Art of Our City | KUOW News and Information

Art of Our City

Artist Mary Sheldon Scott of Seattle.
KUOW Photo/Marcie Sillman

We live in a culture that values being young and hip, but there’s something to be said for age and experience.

Just ask Seattle artist Mary Sheldon Scott.

Seattle police approach man on the street, part of the group show, We are still here, at Gallery4Culture.
Delino Olebar, courtesy Creative Justice Project

Gentrification and housing affordability are hot topics in Seattle right now.

They affect everyone, but typically politicians or media-savvy types dominate the public debate.

A ribbon of resistance by Ellen Sollod.
www.sollodstudio.com

After the November election, many people started wearing safety pins on their lapels.

It’s a visible sign of their support for people who might feel threatened by the Trump administration.

In Lucia Neare's world, a horse can deliver balloons via rowboat
Photo by Michael Doucett

When Seattle artist Lucia Neare heard who won the election last month, she was despondent. 

Neare walked out of her home in the Central District and across the street to a traffic circle. There, she unleashed a full-throttled howl of despair into the night.

Artist Sara Porkalob in her Queen Anne apartment
KUOW Photo/Marcie Sillman

Jose Abaoag has an eclectic resume.

Singers Taylor Raven, right and Jorelle Williams rehearse for the upcoming Seattle Opera production of "As One"
GENEVIEVE HATHAWAY, COURTESY SEATTLE OPERA

When Aidan Lang took over the helm of Seattle Opera two years ago, he faced the same challenge as every other nonprofit arts group in the city:

How to make both his organization and its art form relevant in the digital age.

Black Lives Matter national co-founder Patrisse Khan Cullors
photo by Inye Wokoma, courtesy Intiman Theatre

In September 2014, Patrisse Khan-Cullors was still bowled over by the recent police shooting death of Michael Brown in Ferguson, Missouri.

Brown's death pushed Khan-Cullors and two fellow activists to start the Black Lives Matter grassroots movement. Khan-Cullors herself is credited with conceiving #blacklivesmatter.

Musician Yirim Seck.
YouTube

Seattle musician Yirim Seck straddles two cultures. It’s been a tricky balancing act.

Seck’s father is Senegalese; his mother is from Arkansas. They met and fell in love in New York, then moved to Seattle.


The Seattle International Film Festival's director and chief curator, Carl Spence, is stepping down after more than 20 years with SIFF.

Spence joined the organization in 1994 as an assistant to the festival founders.

Some of the artists represented in "30 Americans" pose beneath a neon artwork created by Glenn Ligon.
Courtesy Tacoma Art Museum

The traveling exhibition "30 Americans" has finally arrived at the Tacoma Art Museum after four years of planning.

"30 Americans" actually features the work of 31 African-American artists, primarily drawn from the private collection of Florida art patrons Mera and Don Rubell.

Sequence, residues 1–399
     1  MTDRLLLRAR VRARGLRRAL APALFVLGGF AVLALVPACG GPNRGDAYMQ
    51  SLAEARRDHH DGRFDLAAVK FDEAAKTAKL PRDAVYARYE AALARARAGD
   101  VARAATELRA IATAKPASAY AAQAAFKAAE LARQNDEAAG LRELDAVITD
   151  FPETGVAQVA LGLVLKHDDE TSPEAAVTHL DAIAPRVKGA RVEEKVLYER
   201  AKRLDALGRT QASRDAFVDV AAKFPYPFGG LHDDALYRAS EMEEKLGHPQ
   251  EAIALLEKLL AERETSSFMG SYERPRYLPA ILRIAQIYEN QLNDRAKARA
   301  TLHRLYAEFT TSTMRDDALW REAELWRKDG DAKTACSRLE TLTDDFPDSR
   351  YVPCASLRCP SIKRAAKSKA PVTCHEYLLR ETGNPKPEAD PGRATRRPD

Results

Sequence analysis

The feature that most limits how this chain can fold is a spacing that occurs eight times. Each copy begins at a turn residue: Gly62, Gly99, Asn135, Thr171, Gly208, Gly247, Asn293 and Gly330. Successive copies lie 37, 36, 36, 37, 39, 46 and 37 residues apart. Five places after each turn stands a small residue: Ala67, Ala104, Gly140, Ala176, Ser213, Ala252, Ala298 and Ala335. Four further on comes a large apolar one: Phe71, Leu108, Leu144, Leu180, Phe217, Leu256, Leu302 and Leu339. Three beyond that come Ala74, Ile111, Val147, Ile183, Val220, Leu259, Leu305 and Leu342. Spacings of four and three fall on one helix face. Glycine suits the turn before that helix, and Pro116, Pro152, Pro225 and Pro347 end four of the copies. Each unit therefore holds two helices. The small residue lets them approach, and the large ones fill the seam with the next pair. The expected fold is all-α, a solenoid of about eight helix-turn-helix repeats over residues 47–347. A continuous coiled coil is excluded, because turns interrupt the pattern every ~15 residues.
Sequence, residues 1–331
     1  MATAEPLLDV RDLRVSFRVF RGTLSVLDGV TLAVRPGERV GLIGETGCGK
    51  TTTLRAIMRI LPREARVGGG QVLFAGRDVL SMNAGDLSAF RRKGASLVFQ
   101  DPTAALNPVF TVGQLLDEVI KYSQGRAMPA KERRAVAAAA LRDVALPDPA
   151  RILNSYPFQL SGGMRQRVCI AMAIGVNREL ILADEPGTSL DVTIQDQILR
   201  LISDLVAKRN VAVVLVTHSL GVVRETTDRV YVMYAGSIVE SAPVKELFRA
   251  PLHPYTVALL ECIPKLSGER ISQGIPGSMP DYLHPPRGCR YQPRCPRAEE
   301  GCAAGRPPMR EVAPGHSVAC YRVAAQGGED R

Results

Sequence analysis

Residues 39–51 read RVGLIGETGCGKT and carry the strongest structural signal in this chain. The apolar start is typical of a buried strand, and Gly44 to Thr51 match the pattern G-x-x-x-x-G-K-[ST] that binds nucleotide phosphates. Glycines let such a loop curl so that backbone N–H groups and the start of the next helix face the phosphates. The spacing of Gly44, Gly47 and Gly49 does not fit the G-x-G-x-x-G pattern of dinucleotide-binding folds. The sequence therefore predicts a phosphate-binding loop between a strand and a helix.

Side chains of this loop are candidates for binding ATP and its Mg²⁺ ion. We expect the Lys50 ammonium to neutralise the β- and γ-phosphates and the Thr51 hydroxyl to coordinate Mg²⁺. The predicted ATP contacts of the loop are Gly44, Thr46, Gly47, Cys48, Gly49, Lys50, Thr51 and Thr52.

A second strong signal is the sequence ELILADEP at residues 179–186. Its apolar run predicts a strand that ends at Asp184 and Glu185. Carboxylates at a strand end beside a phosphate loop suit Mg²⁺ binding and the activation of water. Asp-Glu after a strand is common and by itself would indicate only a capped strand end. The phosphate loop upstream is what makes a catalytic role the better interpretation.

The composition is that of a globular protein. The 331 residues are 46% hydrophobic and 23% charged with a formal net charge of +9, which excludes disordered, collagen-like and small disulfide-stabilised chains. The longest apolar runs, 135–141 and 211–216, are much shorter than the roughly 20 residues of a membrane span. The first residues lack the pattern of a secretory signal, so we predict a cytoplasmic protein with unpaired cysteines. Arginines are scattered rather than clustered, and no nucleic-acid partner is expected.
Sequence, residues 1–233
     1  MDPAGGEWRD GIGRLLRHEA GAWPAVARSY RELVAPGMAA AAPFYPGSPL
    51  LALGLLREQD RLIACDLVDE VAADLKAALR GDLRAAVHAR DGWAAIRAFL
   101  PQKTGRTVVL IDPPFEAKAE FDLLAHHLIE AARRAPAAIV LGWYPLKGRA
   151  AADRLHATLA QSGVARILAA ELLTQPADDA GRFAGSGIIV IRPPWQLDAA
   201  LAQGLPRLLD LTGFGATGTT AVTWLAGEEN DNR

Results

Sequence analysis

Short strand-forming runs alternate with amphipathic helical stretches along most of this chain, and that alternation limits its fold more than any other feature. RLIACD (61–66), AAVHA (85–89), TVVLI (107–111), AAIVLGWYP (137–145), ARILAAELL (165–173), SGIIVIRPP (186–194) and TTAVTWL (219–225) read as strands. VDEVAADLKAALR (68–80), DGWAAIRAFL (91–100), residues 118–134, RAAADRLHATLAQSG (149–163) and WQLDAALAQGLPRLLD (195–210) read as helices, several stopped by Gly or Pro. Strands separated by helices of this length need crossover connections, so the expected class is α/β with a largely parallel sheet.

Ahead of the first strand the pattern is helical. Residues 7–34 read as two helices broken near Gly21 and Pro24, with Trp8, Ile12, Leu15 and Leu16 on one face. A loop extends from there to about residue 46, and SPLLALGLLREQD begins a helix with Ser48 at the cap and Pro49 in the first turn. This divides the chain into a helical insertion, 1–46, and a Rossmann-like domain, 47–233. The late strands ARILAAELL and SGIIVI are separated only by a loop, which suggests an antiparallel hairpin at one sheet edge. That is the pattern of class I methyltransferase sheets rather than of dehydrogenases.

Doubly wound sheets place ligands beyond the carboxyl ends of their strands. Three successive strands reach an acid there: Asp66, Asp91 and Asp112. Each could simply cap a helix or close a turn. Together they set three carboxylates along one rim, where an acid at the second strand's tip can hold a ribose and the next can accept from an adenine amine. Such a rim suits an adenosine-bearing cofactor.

Pacific Northwest Ballet's corps de ballet dancers in George Balanchine's 'Nutcracker.'
Courtesy of Pacific Northwest Ballet/Angela Sterling

Rock stars have back up bands.

Most Broadway musicals have a chorus.

The ballet version of these supporting artists is the corps de ballet; "corps" is French for body.

Banda Vagas entertains the audience in Seattle's South Park Duwamish River Festival.
KUOW Photo/Isolde Raftery

Only a whisper of a breeze drifts off the water on this scorching August afternoon, but temperatures in the 90s don’t wilt the South Park crowd.

Older couples, young parents with their children, even gum-cracking teenagers wait patiently in the shade for the main musical attraction of this year’s Duwamish River Festival: Banda Vagos, a Mexican big band that performs a traditional style of music known as banda.

Shiyogi Kawabata, 88, worked on a wooden chain (below) while interned at Minidoka, a Japanese internment camp in Idaho.
KUOW Photo/Marcie Sillman

At 88, Shiyoji Kawabata remembers the harsh conditions he and his family endured in the Minidoka Relocation Center during World War II.

Ticks. Coyotes. Scorpions. Black widow spiders.

Seattle’s Frye Art Museum has named a new director. Joseph Rosa will become the Frye Museum’s new leader this fall.

Rosa currently directs the University of  Michigan Museum of Art, where he has worked since 2010. He replaces outgoing director Jo-Anne Birnie Danzker.

Tenor Lawrence Brownlee clowns around during a Seattle Opera rehearsal for Rossini's 'The Wicked Adventures of Count Ory.'
KUOW Photo/Marcie Sillman

Lawrence Brownlee thinks of himself as a regular Joe.

He grew up in a solid, working class household in Youngstown, Ohio, the fourth of six children.

Brownlee's dad worked at General Motors’ Lordstown assembly plant. The family was involved in their church. They were salt of the earth Midwesterners.

Philipp Mergener, 13, as the lead in the Village Theatre production of the hit musical 'Billy Elliot.'
Courtesy of Village Theatre/Mark Kitaoka

The hit musical, “Billy Elliot,” tells the story of a British coal miner’s son who dreams of being a ballet dancer.